The Power of Praying for Others

Sermon for Sunday, October 19, 2014
Nineteenth Sunday after Pentecost
I Thessalonians 1:1-10

“We always give thanks to God for all of you
and mention you in our prayers…”  I Thess 1:2a

As he does in today’s lesson from 1 Thessalonians, Paul begins several of his letters by mentioning his prayer for people:

For God, whom I serve with my spirit by announcing the gospel of his Son, is my witness that without ceasing I remember you always in my prayers. – Romans 1:9

I thank God every time I remember you, constantly praying with joy in every one of my prayers for all of you.  – Philippians 1:4

When I remember you in my prayers, I always thank my God because I hear of your love for all the saints and your faith towards the Lord Jesus. – Philemon 4

It seems that Paul is constantly praying for his converts and congregations.  Shortly, I will invite us to consider the role that praying for others – the kind of prayer called intercessory prayer – might play in our lives.  But first, I want to take a detour to Harry Potter.

In the second book, Harry Potter and the Chamber of Secrets, Harry has been falsely accused of trouble at Hogwarts School of Wizardry and Witchcraft and has been sent to Dumbledore, the Headmaster’s, office.   As Harry waits for Dumbledore to arrive, he surveys the room:

One thing was certain: of all the teachers’ offices Harry had visited so far this year, Dumbledore’s was by far the most interesting… It was a large and beautiful circular room, full of funny little noises. A number of curious silver instruments stood on spindle-legged tables, whirring and emitting little puffs of smoke. The walls were covered with portraits of old headmasters and headmistresses, all of whom were snoozing gently in their frames. There was also an enormous, claw-footed desk, and, sitting on a shelf behind it, a shabby, tainted wizard’s hat — the Sorting Hat.  – From Harry Potter and the Chamber of Secrets.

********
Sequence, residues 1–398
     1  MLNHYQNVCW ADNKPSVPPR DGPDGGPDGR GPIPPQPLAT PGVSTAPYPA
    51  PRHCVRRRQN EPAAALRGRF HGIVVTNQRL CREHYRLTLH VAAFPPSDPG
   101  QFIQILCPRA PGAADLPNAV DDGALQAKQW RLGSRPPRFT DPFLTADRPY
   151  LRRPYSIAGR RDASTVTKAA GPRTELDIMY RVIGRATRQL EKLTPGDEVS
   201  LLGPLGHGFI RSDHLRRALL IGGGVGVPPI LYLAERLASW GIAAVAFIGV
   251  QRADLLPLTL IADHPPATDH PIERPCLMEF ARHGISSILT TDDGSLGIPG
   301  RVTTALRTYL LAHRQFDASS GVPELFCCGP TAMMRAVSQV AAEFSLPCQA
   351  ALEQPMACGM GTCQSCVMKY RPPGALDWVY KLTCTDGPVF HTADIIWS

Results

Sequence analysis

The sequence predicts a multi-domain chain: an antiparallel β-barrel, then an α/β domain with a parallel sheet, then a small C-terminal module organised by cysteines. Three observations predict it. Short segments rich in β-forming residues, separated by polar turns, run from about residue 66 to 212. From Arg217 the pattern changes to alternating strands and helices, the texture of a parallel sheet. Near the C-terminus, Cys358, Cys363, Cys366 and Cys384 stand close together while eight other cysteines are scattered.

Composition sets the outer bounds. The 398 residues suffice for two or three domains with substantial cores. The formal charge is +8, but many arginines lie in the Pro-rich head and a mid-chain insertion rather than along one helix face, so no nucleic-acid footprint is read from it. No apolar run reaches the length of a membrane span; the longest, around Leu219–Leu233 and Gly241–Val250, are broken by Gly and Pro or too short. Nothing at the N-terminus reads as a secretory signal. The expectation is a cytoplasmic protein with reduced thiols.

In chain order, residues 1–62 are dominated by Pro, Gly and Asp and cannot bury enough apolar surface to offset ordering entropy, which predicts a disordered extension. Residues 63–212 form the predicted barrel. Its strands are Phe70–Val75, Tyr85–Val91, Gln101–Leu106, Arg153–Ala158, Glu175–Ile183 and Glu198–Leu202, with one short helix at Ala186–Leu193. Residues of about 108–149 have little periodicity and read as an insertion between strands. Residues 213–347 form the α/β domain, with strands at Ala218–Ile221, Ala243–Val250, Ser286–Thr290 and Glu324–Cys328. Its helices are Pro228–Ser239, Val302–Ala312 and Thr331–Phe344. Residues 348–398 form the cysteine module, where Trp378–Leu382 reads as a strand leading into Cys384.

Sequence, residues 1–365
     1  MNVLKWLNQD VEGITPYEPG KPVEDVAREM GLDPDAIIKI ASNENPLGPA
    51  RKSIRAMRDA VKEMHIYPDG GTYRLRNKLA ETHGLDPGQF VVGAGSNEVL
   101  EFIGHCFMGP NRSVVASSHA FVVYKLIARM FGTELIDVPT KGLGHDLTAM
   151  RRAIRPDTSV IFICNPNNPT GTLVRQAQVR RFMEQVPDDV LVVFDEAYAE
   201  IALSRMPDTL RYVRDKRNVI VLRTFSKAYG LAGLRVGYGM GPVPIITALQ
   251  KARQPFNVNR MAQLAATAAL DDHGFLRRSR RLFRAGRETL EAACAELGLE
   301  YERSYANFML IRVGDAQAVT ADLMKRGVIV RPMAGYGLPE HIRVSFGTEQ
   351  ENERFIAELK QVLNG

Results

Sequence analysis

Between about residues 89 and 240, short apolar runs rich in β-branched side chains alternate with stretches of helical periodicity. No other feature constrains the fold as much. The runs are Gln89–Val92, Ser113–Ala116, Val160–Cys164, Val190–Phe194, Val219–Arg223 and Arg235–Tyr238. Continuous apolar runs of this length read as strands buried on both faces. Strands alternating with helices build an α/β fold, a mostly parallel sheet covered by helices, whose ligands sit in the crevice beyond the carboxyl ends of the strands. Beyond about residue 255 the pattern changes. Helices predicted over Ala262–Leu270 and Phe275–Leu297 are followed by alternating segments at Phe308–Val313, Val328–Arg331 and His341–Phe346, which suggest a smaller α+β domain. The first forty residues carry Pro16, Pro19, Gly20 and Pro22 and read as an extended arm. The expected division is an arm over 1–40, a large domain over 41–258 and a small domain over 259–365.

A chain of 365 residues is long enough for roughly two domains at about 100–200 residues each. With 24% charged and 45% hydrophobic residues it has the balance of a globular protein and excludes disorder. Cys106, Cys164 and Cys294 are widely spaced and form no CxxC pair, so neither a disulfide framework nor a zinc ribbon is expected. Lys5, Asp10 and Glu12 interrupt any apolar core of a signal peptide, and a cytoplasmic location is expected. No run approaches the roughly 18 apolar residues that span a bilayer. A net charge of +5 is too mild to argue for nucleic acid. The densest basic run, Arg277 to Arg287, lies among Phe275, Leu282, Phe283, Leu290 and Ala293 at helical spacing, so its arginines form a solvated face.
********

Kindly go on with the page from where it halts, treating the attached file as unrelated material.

Harry in Dumbledore’s office is a lot like intercessory prayer:

    1. To undertake intercessory prayer is to enter into an extraordinary space, large and beautiful, with things that make us curious.
    2. As Harry was surrounded by the portraits of previous Headmasters, to pray for others surrounds us with the company of the saints.
    3. Just as Harry waited in Dumbledore’s office, so does intercessory prayer involve waiting.

First, to undertake intercessory prayer is to enter into an extraordinary space, large and beautiful, with things that make us curious.   Maybe you’ve seen the movie and – like Harry –  have been entranced by Dumbledore’s office:  the “curious silver instruments… on spindle-legged tables, whirring and emitting little puffs of smoke,” the talking portraits of old headmasters, and the Sorting Hat.  The sense of wonder at Dumbledore’s office is but a glimpse of the awe and wonder that we can experience when we enter into God’s presence to intercede.  When we intercede we draw near to One who is infinitely fascinating and interesting, and with whom to relate is infinitely satisfying.   If we but had eyes to see, we might see that to come into the presence of God to intercede for others is one of the most rewarding and satisfying things we can do.